The cold and snowy winter so far could renew stress on the Cook Inlet Natural Gas transportation infrastructure.
As reported by Petroleum News on Friday, Furie Operating Alaska has notified Alaska Pipeline Co. that ice has blocked the flow of natural gas from its Kitchen Lights Field.
A letter from Furie on Jan. 5 stated that the cold snap was messing with delivery from Kitchen Lights. It appears that the frigid temperature caused what are called “hydrate plugs” to form at the Julius R Platform and in the 15-miles of sub-sea pipeline at the bottom of Cook Inlet.
Enstar spokeswoman Lindsay Hobson told Petroleum News that it has not received a delivery from Furie since Jan. 19.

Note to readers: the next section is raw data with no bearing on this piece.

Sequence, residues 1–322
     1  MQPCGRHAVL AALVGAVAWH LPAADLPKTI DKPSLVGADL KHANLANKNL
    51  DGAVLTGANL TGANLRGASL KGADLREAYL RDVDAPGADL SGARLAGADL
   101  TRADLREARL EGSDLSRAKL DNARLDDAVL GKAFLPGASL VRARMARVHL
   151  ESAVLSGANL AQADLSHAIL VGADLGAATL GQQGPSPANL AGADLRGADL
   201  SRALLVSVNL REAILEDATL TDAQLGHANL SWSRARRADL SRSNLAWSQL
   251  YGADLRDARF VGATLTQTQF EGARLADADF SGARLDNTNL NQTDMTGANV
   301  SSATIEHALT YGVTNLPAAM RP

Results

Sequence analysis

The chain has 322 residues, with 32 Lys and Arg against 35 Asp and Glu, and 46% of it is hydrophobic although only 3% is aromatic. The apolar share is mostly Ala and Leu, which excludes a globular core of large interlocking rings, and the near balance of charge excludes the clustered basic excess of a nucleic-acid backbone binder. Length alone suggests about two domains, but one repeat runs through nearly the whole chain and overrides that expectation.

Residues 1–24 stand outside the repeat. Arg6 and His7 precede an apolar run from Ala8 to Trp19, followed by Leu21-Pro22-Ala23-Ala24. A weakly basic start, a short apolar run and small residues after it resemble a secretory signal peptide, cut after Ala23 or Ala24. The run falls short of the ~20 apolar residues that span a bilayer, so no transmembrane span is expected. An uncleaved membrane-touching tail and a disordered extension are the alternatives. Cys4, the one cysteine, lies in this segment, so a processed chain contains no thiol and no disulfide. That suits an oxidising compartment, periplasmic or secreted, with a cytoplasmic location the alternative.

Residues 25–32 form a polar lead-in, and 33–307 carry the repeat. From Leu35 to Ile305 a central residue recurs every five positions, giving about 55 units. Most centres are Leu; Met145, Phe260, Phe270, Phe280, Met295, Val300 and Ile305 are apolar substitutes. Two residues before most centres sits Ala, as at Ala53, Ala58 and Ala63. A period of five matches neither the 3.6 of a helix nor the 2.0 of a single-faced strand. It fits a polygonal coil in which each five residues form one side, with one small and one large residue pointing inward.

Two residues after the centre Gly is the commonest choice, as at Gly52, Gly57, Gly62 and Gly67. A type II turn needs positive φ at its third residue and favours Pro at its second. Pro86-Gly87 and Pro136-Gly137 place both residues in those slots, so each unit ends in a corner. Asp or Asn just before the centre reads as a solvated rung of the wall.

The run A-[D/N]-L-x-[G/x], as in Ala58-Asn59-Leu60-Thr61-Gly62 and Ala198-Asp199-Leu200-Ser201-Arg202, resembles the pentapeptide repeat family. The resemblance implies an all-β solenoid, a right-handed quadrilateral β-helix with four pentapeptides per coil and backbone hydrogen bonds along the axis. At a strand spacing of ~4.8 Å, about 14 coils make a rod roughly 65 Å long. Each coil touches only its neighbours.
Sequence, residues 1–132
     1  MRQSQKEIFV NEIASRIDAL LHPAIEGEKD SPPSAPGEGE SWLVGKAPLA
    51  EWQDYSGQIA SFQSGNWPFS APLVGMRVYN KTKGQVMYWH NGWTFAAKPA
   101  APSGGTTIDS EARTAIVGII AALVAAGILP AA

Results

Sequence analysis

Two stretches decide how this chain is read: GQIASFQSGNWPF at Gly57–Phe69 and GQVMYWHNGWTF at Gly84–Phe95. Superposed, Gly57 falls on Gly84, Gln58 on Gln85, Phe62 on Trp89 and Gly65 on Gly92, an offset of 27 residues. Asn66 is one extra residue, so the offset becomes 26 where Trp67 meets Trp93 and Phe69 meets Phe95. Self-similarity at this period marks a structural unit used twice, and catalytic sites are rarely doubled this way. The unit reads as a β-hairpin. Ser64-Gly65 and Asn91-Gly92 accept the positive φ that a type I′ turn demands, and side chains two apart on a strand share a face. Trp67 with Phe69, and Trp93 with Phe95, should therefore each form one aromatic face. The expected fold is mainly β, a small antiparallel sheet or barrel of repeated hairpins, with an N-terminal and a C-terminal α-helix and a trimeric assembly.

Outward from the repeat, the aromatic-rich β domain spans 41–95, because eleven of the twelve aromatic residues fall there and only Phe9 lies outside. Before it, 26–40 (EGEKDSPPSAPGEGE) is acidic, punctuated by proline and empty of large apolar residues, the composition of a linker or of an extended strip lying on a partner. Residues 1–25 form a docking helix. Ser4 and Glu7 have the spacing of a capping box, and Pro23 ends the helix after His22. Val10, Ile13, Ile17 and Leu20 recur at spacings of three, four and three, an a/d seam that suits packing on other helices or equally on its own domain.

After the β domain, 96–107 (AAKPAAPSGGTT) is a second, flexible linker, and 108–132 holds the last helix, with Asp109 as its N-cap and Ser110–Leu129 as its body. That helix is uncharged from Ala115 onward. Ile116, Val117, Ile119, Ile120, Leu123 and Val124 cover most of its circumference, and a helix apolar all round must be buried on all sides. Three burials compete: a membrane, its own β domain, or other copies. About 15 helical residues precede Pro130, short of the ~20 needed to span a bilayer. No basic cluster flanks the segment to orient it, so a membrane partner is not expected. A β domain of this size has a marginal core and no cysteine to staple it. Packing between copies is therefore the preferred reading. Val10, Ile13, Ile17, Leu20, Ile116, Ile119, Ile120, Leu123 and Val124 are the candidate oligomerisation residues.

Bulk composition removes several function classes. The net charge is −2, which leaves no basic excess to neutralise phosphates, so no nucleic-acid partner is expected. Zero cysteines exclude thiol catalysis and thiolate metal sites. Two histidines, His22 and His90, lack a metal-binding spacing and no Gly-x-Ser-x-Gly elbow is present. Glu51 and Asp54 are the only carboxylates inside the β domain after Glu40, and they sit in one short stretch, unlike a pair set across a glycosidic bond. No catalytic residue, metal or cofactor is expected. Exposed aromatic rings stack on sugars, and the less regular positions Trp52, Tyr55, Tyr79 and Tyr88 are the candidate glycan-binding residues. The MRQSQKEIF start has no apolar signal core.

“We have not had an interruption to our customers. Fortunately it’s been pretty warm these last few weeks. And we’ve also been able to rely on on our gas that we have stored in CINGSA to supplement those volumes.”
Hobson said she did not anticipate any price increase to consumers as a result of this freeze-up. So far, she said, there has been no interruption to customers’ service, and that the company is still evaluating all options to maintain that continuity of service.
Hydrates form when water mixed with natural gas combine in cold temperatures to form ice.
To meet its contractual obligations, Furie bought natural gas on the open market and drawer from reserves, but the line became completely blocked on Jan. 11. In its letter to APC on Jan. 23, the company said it was having to suspend its deliveries, invoking the force majeure clause of its contract with the Enstar subsidiary.
Declaring a force majeure frees Furie from liability and obligation until the situation resolves.